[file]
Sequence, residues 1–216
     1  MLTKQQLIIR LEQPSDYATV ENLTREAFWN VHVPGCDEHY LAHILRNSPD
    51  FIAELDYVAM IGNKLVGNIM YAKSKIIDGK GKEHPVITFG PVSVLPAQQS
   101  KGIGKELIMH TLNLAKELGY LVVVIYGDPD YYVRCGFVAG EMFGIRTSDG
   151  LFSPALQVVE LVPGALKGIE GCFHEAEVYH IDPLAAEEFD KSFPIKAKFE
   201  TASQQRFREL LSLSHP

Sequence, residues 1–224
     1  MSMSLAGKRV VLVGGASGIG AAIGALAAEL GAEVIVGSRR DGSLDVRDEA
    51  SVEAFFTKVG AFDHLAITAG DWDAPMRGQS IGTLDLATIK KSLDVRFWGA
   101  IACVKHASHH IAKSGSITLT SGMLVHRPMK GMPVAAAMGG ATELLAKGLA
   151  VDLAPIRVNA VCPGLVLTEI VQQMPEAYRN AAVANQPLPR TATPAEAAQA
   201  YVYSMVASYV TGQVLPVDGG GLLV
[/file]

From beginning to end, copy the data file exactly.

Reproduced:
Sequence, residues 1–216
     1  MLTKQQLIIR LEQPSDYATV ENLTREAFWN VHVPGCDEHY LAHILRNSPD
    51  FIAELDYVAM IGNKLVGNIM YAKSKIIDGK GKEHPVITFG PVSVLPAQQS
   101  KGIGKELIMH TLNLAKELGY LVVVIYGDPD YYVRCGFVAG EMFGIRTSDG
   151  LFSPALQVVE LVPGALKGIE GCFHEAEVYH IDPLAAEEFD KSFPIKAKFE
   201  TASQQRFREL LSLSHP

Sequence, residues 1–224
     1  MSMSLAGKRV VLVGGASGIG AAIGALAAEL GAEVIVGSRR DGSLDVRDEA
    51  SVEAFFTKVG AFDHLAITAG DWDAPMRGQS IGTLDLATIK KSLDVRFWGA
   101  IACVKHASHH IAKSGSITLT SGMLVHRPMK GMPVAAAMGG ATELLAKGLA
   151  VDLAPIRVNA VCPGLVLTEI VQQMPEAYRN AAVANQPLPR TATPAEAAQA
   201  YVYSMVASYV TGQVLPVDGG GLLV